Disney guests have to hear a lot of the "insider jargon" when they visit the parks. For example, employees are called "cast members," and some secret codes among workers. However, some guests may be confused about why something is called an "e-ticket attraction." What does the term mean, and where did it come from?
When Walt Disney opened Disneyland in 1955, the concept of the "theme park" hadn't taken off. The closest equivalent was the county fairs and circuses around the country. Thus, Disney decided to go off the same method of an overall entry fee for the park and then ticket booklets for the various attractions.
It was a smart business move for Disney as he knew some guests would be willing to pay more to get tickets for the top attractions. It was also great for families as they could let kids be on some rides while they sat them out without paying more.
How the booklets worked
The booklets came in a variety of tiers, working from A to E. Each attraction had a cast member at the entranceway to take the ticket, ensuring it was for the right ride. There was a chance for guests to combine two lower-ranked tickets for a bigger one or have to purchase more from a kiosk. This meant guests would have to be careful in buying the booklets and using the tickets right over the course of the day.
A: Simple attractions like the Carousel
B: Larger attractions such as Dumbo
C: More popular Fantasyland attractions such as Mr. Toad's Wild Ride, Jungle Cruise, Peter Pan etc.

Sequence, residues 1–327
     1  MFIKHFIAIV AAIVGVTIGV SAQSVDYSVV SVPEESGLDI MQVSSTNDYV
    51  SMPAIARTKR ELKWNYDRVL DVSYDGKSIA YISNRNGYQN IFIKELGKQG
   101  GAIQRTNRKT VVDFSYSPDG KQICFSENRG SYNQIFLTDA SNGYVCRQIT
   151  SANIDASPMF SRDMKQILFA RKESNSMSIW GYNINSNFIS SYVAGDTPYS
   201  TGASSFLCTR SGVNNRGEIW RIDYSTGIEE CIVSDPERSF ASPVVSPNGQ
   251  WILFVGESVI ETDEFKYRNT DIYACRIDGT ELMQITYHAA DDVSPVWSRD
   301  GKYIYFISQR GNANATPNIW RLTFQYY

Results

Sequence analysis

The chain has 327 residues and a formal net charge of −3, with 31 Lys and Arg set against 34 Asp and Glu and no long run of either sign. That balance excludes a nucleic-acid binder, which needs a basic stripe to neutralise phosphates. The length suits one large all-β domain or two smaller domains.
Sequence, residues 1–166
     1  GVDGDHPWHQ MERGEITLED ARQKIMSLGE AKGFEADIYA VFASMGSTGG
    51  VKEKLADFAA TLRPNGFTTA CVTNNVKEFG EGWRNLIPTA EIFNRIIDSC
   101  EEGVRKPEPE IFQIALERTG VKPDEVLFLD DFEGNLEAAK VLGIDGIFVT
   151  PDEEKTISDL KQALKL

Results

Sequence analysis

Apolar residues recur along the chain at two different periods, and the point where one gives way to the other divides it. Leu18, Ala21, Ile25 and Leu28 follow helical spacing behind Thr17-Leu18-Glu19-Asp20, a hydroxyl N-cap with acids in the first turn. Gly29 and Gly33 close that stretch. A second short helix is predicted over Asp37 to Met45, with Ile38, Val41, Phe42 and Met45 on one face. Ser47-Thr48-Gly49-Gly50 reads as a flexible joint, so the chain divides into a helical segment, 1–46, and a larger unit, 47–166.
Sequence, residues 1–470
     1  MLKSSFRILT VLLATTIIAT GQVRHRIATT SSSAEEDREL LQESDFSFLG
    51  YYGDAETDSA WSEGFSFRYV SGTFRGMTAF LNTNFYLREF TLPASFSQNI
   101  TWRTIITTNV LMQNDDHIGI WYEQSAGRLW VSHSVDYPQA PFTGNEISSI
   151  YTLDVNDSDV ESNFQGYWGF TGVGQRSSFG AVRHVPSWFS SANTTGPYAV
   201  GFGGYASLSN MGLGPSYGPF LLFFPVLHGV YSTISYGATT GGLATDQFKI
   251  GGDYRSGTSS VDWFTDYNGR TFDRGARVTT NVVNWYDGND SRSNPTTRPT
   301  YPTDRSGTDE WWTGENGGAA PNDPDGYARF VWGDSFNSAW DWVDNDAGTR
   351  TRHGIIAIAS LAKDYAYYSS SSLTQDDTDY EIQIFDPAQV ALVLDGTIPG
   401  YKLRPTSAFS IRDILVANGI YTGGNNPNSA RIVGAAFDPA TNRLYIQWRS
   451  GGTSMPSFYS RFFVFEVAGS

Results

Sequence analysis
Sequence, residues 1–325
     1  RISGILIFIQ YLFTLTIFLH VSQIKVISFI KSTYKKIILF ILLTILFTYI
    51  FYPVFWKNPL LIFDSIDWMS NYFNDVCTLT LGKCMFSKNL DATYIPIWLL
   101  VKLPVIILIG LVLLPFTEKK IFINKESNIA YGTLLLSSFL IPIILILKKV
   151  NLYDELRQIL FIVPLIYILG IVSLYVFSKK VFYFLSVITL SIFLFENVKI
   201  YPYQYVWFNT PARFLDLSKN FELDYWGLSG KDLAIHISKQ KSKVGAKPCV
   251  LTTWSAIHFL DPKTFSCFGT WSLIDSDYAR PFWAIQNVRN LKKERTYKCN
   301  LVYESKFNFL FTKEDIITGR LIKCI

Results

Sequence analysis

D: A "mid-level" ticket for attractions such as Tom Sawyer's Island, Storybook Canal Boats, Mine Train
This led to the big one: The "E" ticket, which was introduced in 1959, when Disney opened several top attractions like the Matterhorn, Monorail, and Submarine Voyage. From then on, the E-ticket would be used for the biggest Disney rides around.
What made an E-Ticket attraction?
The E-Ticket was meant for the biggest and best rides in Disneyland (and later Walt Disney World). These were the signature attractions and often the ones breaking the mold in theme park design, from the Matterhorn to Pirates of the Caribbean. While they were more expensive than the other tickets, guests always found them worth it in order to ride these attractions. This meant the Imagineers had to craft these attractions for the booklet.
For the record, the full list of E-Ticket attractions at Disneyland were:
* Mine Train Ride
Jungle River Cruise
Disneyland-Alweg Monorail Trains
It's a Small World
Enchanted Tiki Room
Rocket To The Moon/Mars
Pirates of the Caribbean
Country Bear Jamboree
Big Thunder Mountain
Thus, it's easy to gauge how the E-Ticket became synomous with the hottest attractions at Disneyland.
The end of the booklets
By 1982, the concept of the ticket booklets was vanishing as guests were tired of having to pick and choose. Thus, Disney finally went ahead with the regular all-day pass for Disneyland and Walt Disney World. Interestingly, Tokyo Disneyland still used the booklets until 2001.
By that point, the idea of "E-Ticket Attraction" had entered the theme park lexicon, not just for Disney but other companies. It was shorthand for how important a ride would become and used for the biggest attractions, emulating what would have fit that ticket booklet decades ago. It's also easy to see the tickets later inspiring the Fast Pass and Genie+ systems of today.
Talk to Imagineers, and everything from Rise of the Resistance to Tron Light Cycle Run is referred to as an E-Ticket ride. It's a key part of theme park design, so while the actual tickets are long gone, the E-Ticket mentality is a reason there are so many amazing rides at Disney parks today.